Live from Sweden
Today’s episode is filmed on location in Sweden.
Do you have Biblical encouragement for parents of special needs children?
I’m a special needs mom with a seven-year-old son with autism. Do you have any Scripture references for health and strength for me? I got viral meningitis last month, mostly from stress.
Before I speak to your question, I want to pray for you, because I’m very touched by the service you do unto the Lord.
Father, we pray for our sister, this mom of a child with special needs. Lord, she’s stressed. She feels great pressure from many obligations. Any mom of young children feels very pressed. But she has particular reason to feel so because of the special needs status of her son. So, Father, I pray that You’d bring her blessing and grace and Your goodness. Do it in the name of Jesus, Father, and bring Your power and Your grace. I pray this in Jesus’ name, Amen.
Jesus said that if somebody gives one of His little ones even a cup of cold water in His name, it would not be forgotten. That’s what I want you to see. This is the strength and the encouragement I want you to have. In the service that you give unto your special needs son, it may be very easy for you to feel forgotten in that work. To be honest, there’s probably nobody who sees the depth of the service or the pressing of the weight that you bear. It’s probably something that only you are vitally aware of.
Nobody knows the extent of it, except the Lord. He sees it. Just like Jesus said, that even somebody who gives a cup of cold water will not be forgotten if it’s done in His name, I want you to know that the sacrificial service you give to your son and your family is seen by God. He’s there to strengthen you. He’s there to bless you, to encourage you.
I also want to tell you this. Don’t be afraid to take a break when you need one. I know that it’s probably difficult for you to take a break, or maybe even to find other people to help out or to pitch in. But when you have the opportunity to take a break, please do not feel guilty about it. God has ordained a Sabbath and God has ordained seasons of rest for you as well. In a sense, moms especially feel like their job is constant and there’s never a break from it. In some sense, that’s true. But in your particular situation, I want to encourage you in this. When God opens up the door and gives you an opportunity to take a rest, don’t feel bad about it at all, but take that rest and be encouraged. Even the smallest service you do unto the Lord’s little ones in the name of Jesus is not forgotten and it will be rewarded by the Lord. God bless you.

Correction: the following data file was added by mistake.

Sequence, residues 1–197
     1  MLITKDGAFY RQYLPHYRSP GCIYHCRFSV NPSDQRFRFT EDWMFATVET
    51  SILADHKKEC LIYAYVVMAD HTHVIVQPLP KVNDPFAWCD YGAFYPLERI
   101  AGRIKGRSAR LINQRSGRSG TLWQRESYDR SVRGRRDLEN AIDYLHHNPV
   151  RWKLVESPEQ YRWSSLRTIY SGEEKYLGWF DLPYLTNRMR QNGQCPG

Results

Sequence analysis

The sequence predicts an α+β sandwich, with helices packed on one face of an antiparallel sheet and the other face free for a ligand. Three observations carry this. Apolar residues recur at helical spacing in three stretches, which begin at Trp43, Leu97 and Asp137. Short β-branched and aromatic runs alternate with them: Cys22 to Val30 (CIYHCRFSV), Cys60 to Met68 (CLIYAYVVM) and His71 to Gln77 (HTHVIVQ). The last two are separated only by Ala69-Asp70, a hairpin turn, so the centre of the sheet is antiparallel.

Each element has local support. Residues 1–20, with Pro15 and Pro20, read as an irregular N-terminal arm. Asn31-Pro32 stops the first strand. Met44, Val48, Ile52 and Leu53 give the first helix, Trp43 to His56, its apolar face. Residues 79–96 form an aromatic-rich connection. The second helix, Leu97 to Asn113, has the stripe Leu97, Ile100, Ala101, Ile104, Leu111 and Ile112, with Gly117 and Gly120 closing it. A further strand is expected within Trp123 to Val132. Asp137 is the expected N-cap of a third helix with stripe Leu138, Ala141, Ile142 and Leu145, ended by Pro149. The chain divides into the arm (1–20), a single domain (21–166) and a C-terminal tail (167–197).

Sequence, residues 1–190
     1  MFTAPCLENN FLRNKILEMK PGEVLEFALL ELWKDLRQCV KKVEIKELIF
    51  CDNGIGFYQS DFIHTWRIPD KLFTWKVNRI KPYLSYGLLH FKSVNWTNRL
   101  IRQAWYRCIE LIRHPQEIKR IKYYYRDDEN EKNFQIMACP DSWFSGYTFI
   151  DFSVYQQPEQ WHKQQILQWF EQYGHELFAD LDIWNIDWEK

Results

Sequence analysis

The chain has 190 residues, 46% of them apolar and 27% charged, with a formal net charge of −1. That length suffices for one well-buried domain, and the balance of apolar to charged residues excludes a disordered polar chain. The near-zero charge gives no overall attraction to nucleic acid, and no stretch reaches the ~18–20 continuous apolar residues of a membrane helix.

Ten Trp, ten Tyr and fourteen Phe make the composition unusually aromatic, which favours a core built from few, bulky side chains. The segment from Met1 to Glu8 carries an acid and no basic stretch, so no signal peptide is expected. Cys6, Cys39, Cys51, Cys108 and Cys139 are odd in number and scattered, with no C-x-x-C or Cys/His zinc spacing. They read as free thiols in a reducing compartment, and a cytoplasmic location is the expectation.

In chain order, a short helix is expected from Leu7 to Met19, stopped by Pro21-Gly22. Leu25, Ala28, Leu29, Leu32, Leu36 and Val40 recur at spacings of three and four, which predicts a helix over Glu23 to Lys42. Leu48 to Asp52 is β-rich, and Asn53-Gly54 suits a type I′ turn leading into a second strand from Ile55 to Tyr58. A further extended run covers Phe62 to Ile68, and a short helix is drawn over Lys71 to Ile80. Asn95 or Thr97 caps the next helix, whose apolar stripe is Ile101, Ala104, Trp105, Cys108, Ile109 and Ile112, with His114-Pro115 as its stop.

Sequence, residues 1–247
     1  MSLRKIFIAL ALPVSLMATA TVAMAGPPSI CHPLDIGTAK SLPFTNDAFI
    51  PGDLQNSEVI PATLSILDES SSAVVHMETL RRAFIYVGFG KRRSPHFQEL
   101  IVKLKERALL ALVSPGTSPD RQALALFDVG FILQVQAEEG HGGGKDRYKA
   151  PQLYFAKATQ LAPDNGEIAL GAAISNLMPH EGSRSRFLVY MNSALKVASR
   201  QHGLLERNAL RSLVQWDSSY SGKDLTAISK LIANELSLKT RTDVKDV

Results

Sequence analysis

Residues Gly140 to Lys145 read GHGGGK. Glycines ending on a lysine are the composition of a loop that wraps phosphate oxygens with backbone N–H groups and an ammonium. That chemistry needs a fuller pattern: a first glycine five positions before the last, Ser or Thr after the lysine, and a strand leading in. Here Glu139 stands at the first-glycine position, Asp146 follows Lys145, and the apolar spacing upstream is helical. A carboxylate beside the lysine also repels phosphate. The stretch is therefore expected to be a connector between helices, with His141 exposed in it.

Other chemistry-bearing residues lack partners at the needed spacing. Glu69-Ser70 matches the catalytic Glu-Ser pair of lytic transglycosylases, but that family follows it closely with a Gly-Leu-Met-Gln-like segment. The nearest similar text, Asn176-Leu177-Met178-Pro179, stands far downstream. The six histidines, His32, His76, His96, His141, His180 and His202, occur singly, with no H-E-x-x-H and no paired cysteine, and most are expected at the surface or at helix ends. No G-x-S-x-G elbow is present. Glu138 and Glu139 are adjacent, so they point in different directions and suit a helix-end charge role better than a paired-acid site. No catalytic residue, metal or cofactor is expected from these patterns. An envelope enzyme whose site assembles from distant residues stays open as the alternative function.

Is Judas Iscariot predestined in Hell?
I would say with great confidence that Judas Iscariot is on his way to Hell. There’s no doubt about that. He is not saved. He will not be saved. Some people speculate that maybe Judas repented at the last moment, or that maybe there was some sort of contrition or regret on his part. The Bible gives us no evidence of that.
The Bible tells us that Jesus gave Judas a very curious title. Jesus called Judas, “The Son of Perdition.” First, let me explain you what perdition is. Perdition is destruction. It’s to be completely destroyed by something. But I also want you to know this. To be the “son” of something in Hebraic culture and phrasing meant that you were completely characterized by that thing. So, for Judas to be the Son of Perdition means that he was the one absolutely appointed to destruction. And he bears that destruction.
Now, was he predestined to that? Well, as much as anybody is predestined for such a thing. But we must be clear: God did not make Judas do those things. Not at all. He chose those out of his own will. There is no guilt or blame or responsibility on God’s part for Judas’ destruction. All of that rests upon Judas himself. But he does have that unique and significant title, the Son of Perdition.
David Guzik introduces Daniel Jacobsen
Pastor David introduces Pastor Daniel Jacobsen from Calvary Chapel Hillerød, Denmark. https://www.calvarychapel.dk/
David Guzik: This is my longtime friend, Daniel Jacobsen. Say hi to everybody.
Daniel Jacobsen: Hello, everyone.
DG: Tell them where you’re from and what you’re doing.
DJ: I’m from Denmark, about 30 minutes outside of Copenhagen, in a smaller town called Hillerød. It’s a difficult one to pronounce, right? I pastor a small church there that we’ve been at for many years. It’s been 15 years since we started as a small Bible study.
DG: Daniel, how long have you and I known each other? From the very first conferences here, but not the very first one.
DJ: The second one. Yeah, that was an interesting story of how we met there. I came with my dad. I was 19 years old, and I was going to Bible college a few weeks later. When I came to California, I was at the Harvest Crusade there. And by the providence of God, I was three rows in front of you just a few weeks before.
DG: Wasn’t that amazing?
DJ: It’s been a 20-year-long friendship.